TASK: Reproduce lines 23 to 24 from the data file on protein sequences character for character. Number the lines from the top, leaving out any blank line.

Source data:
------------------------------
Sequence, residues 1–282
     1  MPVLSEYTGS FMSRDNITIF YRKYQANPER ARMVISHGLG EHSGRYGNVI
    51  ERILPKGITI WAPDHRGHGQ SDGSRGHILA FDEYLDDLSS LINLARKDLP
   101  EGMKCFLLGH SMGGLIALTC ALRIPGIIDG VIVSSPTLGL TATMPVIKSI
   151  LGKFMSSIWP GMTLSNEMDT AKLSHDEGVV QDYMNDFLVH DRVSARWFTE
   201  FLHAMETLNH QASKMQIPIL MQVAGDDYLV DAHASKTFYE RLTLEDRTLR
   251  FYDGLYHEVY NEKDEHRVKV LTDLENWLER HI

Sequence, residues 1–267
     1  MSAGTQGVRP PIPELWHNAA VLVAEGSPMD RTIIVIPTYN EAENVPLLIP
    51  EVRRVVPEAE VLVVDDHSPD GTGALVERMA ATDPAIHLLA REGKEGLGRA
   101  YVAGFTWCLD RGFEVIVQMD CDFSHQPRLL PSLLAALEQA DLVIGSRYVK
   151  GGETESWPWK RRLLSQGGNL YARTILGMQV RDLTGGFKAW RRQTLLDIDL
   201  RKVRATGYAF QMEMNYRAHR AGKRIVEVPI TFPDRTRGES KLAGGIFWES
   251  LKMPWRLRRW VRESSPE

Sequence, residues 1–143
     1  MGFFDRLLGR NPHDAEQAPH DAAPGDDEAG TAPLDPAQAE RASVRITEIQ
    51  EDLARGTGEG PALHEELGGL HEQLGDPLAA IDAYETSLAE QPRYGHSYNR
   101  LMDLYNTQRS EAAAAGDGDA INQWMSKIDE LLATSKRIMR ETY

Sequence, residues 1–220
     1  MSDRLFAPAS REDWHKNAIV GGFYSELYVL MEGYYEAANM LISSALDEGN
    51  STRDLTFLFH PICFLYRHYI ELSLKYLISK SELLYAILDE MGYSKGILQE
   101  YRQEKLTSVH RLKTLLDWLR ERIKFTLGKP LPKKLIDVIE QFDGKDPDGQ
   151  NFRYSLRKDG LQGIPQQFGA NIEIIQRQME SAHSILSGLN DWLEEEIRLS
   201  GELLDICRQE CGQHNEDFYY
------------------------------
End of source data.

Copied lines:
   151  NFRYSLRKDG LQGIPQQFGA NIEIIQRQME SAHSILSGLN DWLEEEIRLS
   201  GELLDICRQE CGQHNEDFYY